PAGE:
'This American Life' episode about Tampa man earns 2 Emmys
Karen Clay called Tuesday from a hospital in Los Angeles, her voice excited and breezy, while a doctor figured out how to keep her son breathing.
I first met Clay months ago when writing about her son Michael Phillips, an amazing 27-year-old with a muscle disease that has eliminated most of his ability to move. Breathing through a respirator and outfitted with a computer that turns text into spoken words, Phillips used his thumb to communicate with the world from their Tampa home, catching the attention of This American Life host Ira Glass.
Back in April, Phillips told me an amazing story: He was certain that Glass' decision to profile him for Showtime's TV version of the popular National Public Radio series saved his life. The story, titled Escape, was a powerful rendering of Phillips' struggle for independence from a mother who has devoted her life to caring for him.
Turns out, Emmy voters thought Escape was powerful too, handing Glass' TV show two awards at the Creative Arts technical and nonfiction awards held Sept. 13, based on the episode featuring Phillips' story. And thanks to Glass' gratitude and Showtime's deep pockets, mother and son saw it all.
"People there even recognized Mike," said Clay, who traveled with her son to Los Angeles. "One guy on the red carpet shouted 'Johnny Depp!' " (In Escape, Glass gets Depp to read Phillips' words after hearing he would love for the actor to serve as his voice.)
Clay called from the hospital Tuesday because Mike had a hole in his breathing tube — the kind of regular health scare that first interested Glass in Mike's story. But the 50-something mom, a veteran of many such incidents, insisted her son would be fine once a doctor replaced the tube with a spare she always carries.
"I look at Mike, his color's fine, he's doing fine," she assured. "Other than this, we've had an incredible trip."
© 2013 Tampa Bay Times
Knight Rider, 8 p.m. Wednesday, WFLA-Ch. 8: Granted, this update of the '80s car adventure isn't as dopey as you might expect, with hero Mike Traceur struggling to understand why people he doesn't remember are trying to hurt him. Working for a supersecret government organization, he lands in situations that require him to take off his clothes in a speeding car and drive around on highways real fast. The car looks cool, every female character is supermodel pretty and a guy gets his thumb cut off in the first episode. On second thought, maybe it is as dopey as you'd expect.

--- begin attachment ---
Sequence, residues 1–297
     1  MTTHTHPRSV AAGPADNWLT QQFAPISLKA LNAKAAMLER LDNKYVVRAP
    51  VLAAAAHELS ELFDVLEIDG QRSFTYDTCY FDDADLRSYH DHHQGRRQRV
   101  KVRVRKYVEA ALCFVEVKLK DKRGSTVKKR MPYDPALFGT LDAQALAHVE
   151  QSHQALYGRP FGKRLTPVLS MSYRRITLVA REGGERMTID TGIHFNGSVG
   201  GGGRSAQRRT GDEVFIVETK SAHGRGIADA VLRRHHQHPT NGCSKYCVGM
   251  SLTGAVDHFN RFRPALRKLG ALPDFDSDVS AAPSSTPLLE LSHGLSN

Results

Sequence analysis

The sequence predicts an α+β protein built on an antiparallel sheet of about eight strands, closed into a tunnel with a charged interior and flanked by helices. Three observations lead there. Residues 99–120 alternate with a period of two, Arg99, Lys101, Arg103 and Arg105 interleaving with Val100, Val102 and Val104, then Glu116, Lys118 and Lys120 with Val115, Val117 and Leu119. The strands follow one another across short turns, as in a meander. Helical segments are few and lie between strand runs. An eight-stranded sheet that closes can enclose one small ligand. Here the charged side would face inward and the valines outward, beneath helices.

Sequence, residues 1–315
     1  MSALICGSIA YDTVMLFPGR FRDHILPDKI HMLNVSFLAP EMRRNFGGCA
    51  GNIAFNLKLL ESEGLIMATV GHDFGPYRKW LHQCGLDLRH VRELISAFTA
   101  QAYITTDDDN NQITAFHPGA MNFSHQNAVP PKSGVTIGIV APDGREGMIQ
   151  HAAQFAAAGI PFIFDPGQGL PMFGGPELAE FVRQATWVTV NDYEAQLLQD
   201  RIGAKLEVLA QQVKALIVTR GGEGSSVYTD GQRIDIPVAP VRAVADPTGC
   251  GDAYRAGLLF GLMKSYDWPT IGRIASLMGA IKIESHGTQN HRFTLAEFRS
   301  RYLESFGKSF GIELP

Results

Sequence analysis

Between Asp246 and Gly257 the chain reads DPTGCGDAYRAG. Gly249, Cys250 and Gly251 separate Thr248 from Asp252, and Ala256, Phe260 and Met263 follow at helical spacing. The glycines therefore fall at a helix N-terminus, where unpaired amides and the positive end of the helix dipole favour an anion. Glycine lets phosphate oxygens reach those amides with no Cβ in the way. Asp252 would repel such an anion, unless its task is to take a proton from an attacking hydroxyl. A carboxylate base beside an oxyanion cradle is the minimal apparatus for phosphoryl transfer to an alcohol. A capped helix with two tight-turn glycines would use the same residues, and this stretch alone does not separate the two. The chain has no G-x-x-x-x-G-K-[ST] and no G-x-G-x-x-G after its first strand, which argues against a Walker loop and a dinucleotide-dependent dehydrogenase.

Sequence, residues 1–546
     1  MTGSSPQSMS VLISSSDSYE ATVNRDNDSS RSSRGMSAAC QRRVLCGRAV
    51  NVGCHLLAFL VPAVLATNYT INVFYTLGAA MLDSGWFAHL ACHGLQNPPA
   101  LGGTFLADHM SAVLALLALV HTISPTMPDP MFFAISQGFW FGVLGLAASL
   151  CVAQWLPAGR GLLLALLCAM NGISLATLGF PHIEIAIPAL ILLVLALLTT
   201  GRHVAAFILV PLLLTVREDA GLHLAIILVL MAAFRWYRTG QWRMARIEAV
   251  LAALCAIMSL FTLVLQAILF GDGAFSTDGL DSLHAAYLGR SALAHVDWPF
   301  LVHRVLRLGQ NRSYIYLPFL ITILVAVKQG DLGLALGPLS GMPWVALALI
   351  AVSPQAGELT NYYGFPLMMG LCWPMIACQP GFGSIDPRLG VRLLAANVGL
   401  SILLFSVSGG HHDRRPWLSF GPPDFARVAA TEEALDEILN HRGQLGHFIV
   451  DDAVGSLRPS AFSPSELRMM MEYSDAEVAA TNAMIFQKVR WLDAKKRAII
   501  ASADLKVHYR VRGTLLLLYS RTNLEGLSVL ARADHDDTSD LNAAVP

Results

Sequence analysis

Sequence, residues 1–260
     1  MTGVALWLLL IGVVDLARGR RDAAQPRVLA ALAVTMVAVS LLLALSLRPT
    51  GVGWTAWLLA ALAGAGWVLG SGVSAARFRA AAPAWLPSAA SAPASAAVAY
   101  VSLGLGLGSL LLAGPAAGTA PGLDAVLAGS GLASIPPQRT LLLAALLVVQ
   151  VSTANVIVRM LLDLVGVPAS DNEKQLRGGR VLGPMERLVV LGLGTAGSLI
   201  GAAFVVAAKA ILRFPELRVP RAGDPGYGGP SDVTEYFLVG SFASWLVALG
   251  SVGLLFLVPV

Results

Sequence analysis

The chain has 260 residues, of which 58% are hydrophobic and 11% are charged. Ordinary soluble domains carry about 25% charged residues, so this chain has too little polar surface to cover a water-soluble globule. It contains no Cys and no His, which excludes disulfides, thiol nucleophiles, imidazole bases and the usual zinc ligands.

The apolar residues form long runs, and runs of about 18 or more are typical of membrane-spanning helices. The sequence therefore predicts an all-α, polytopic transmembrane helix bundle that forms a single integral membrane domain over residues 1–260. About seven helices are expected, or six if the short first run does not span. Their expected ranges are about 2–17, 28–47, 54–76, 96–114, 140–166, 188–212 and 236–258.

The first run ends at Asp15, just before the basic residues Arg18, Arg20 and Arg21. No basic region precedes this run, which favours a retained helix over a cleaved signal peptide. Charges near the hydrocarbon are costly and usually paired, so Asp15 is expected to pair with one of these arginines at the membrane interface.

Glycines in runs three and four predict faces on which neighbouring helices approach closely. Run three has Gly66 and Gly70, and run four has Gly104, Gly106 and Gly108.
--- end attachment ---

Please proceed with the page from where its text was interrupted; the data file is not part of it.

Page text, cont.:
Lipstick Jungle, 10 p.m. Wednesday, WFLA: Cool as it is to see Mary Tyler Moore playing ornery mom to Brooke Shields' overworked studio executive, and Rosie Perez dialing down her Brooklyn patois to play a publicist/real estate broker, this Sex and the City clone about three women at the top of New York's corporate food chain feels as genuine as a campaign promise. Returning from a mediocre run last year, the show has Shields struggling with mom, Kim Raver's magazine executive struggling with the aftermath of an affair, and Lindsay Price's clothes designer struggling with Andrew McCarthy. Who to pity more?
ABC's reality TV hit Dancing With the Stars begins a new season at 8 p.m. Monday with a whole new posse of midlevel celebrities seeking career revival and bragging rights.
So, of course, an online betting site has odds on it all. Here are BetOnline.com's predictions.
• Beach volleyball champ
Misty May-Treanor (below), 2:1
• R&B singer Toni Braxton, 3:1
• Track star Maurice Greene, 5:1
• Actor Susan Lucci, 6:1
• Spokesmodel Kim Kardashian, 7:1
• TV host Brooke Burke, 7:1
• Singer Lance Bass, 7:2
• Teen actor Cody Linley, 8:1
• Ex-NFL star Warren Sapp,
• Chef Rocco DiSpirito, 12:1
• Character actor Ted
Web video takes a giant step forward on TNT's Web site www.TNT.tv, where the channel has archived six episodes of its "microseries" Clean Slate. Developed to air during commercial breaks, the five-minute episodes tell the story of a woman, on death row for killing a federal agent, who enters a program implanting the memories of a murdered woman in her head. Starring Eric Stoltz and produced by Independence Day co-creator Dean Devlin, it's the best-produced interstitial series I've seen.